This isn’t only about great technology and brilliant ideas, it’s also clever marketing. Let’s just keep this in mind. Steve Jobs’ death is an opportunity to stop for a moment and think about all this. Products don’t define us. And even though you’re right on the fact that it’s normal that people payed respect to Steve Jobs, many Apple consumers perceive him in a biased way I believe.

    Thank you for your comment.

    Louise M. 11 November 2011 at 9:02 PM Permalink
  8. Thanks!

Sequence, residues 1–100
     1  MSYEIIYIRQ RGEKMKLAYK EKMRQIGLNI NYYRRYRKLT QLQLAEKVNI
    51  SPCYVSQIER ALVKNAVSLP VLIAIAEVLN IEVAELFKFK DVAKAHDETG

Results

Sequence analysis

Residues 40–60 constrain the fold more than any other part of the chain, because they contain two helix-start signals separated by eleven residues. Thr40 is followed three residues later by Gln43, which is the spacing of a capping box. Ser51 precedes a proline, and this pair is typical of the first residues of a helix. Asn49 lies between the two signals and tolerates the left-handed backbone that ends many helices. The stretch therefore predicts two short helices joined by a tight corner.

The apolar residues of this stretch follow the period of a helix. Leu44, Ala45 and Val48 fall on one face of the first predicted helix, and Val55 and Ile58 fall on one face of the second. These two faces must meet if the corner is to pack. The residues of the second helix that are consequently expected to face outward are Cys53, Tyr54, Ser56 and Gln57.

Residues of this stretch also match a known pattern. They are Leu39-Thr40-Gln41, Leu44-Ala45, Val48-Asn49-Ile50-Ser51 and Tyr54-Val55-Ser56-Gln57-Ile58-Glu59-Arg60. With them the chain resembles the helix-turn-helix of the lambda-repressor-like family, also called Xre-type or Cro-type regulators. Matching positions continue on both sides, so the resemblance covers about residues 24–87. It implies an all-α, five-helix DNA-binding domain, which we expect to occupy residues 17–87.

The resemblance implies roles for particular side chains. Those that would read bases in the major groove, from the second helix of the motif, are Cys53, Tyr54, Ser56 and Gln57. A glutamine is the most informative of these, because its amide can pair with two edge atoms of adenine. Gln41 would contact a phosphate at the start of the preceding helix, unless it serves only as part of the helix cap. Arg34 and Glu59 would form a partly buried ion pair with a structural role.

Louise M. 11 November 2011 at 9:03 PM Permalink
  9. It is just the way people are. Do we cry for the child that lives a short, painful life and has slow death in the jungles of the Congo, or a spoiled rich girl who married a prince and later dies in a car crash?

    Tony 20 February 2012 at 8:21 AM Permalink
  10. While everything you said might be true, we as customers of Apple are not buying their business ethics. We are buying the class, the brand, the simple yet effective designs. Steve Job’s might be gone but his vision & legacy leaves on in my Apple Mac, Itunes,Ipod,Iphone etc. We might not agree with his morals but him & the company Apple has certainly delivered a whole lot of value to the world through their Products

    Peter Osigbe Marketing tips 2 August 2012 at 8:07 PM Permalink